The Slatest

A Moving Tribute to Muhammad Ali by a Kentuckian Who Was Bullied for Her Identity

One of the most moving moments in Friday’s memorial service for Muhammad Ali came near the end of the ceremony when 19-year-old Natasha Mundkur gave an emotional tribute to the departed boxing legend. Her speech touched on one of the major themes of the entire ceremony—the profound impact Ali had on people of every faith, culture, and ethnic background and his lifelong fight against bullies and racism.

“Ali’s cry still shakes these waves today, that we are to find strength in our identities whether we are black, or white, or Asian, or Hispanic, LGBT, disabled, or able bodied, Muslim, Jewish, Hindu, or Christian, his cry represents those who have not been heard and invalidates the idea that we are to be conformed to one normative standard,” she said in one of the most emotional moments of the ceremony.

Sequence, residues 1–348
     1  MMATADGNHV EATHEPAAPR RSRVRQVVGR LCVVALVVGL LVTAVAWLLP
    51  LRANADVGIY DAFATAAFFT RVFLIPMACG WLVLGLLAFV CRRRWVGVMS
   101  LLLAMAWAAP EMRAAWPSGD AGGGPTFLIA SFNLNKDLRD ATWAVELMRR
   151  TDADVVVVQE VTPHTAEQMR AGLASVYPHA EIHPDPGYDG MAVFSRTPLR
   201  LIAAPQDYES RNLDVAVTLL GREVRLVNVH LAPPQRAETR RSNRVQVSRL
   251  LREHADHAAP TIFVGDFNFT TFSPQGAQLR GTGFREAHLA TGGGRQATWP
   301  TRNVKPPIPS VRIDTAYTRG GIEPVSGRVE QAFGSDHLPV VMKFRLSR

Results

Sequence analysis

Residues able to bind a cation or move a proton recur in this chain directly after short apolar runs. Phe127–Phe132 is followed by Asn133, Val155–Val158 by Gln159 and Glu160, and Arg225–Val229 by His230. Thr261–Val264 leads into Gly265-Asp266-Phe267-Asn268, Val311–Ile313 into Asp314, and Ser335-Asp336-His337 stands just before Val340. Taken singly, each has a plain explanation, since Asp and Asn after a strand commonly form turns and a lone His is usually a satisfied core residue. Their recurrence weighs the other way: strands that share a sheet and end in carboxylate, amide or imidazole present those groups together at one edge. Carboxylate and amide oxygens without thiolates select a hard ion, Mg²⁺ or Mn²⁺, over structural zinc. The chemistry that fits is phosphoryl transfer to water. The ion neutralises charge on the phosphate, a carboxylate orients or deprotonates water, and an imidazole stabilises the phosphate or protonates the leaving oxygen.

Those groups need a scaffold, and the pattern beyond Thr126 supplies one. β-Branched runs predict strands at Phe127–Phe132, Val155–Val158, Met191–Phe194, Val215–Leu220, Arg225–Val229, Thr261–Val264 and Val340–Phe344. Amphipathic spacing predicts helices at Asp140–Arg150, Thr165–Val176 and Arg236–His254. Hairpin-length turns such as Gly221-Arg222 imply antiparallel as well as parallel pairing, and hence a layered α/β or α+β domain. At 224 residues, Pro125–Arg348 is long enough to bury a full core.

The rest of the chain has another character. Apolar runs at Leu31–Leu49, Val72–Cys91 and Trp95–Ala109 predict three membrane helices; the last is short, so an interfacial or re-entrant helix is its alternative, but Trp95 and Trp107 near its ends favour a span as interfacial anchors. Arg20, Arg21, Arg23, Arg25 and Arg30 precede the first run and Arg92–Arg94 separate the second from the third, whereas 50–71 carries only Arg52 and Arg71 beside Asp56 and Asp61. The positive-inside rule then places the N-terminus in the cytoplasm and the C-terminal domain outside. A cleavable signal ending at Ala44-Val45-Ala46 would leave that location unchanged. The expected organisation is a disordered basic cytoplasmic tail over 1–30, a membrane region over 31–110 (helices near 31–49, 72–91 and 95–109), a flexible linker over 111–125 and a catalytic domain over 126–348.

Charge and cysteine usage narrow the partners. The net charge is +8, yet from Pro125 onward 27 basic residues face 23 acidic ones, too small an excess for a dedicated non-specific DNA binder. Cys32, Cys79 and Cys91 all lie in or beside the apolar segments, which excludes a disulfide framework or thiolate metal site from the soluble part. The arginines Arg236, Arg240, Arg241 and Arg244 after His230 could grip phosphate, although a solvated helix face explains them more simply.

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Mundkur, a former member of the Muhammad Ali Center Council of Students, was bullied as the only person of color in her Louisville elementary school as a child and called a terrorist. When she was taught about Ali in class, she found strength in his story and words and went on to work at Ali’s center. “I heard the word Louisville, Kentucky, and I know, I know that word because I was born and raised there. That was the first time I had felt connected to my home, my original home back in Louisville, where I was loved and felt like myself,” she told Louisville CBS affiliate WLKY before the speech.

You can watch the entire tearful and powerful address above.

Read more in Slate about Muhammad Ali.

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